Mr. McConnell is not only an incumbent senator who represents the party opposed to the White House in a midterm election, but he also comes from a state that opposes the president. Since 1956, only seven senators in these circumstances have lost re-election. The last time was in 1998, when John Edwards defeated Senator Lauch Faircloth in North Carolina.
But 2014 is not 1998. Back then, President Bill Clinton’s approval rating was in the mid-60s. Today, President Obama’s ratings are mired in the low 40s. Kentucky is also not North Carolina, which only narrowly voted against Mr. Clinton. Kentucky is an extremely favorable state for a Republican candidate: It voted for Romney and McCain by an average of 25 points to the right of the country.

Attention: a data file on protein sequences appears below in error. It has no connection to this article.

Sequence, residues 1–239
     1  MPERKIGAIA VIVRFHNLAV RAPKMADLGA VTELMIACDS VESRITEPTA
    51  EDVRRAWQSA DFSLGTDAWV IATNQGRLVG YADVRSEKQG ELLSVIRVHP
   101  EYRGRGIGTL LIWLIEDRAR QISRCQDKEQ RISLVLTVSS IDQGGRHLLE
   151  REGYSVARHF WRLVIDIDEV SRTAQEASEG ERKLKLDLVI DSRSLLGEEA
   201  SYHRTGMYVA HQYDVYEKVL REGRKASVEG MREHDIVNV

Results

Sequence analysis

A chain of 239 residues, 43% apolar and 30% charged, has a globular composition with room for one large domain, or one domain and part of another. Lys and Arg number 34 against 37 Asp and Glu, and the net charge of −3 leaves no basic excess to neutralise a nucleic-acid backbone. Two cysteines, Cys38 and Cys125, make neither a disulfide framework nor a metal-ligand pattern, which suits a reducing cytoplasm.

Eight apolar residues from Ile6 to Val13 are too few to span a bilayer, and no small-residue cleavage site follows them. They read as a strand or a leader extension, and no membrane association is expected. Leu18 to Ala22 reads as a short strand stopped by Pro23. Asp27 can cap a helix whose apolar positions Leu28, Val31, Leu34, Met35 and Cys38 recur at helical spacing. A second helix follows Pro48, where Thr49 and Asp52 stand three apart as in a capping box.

From that perspective, there is no precedent for a McConnell defeat. No senator has lost in a state as favorable as Kentucky when the president represents the other party. And it’s not even close: North Carolina, it turns out, is the closest example. States with serious reservations about the incumbent president seem unwilling to dismiss the president’s opponents in the Senate.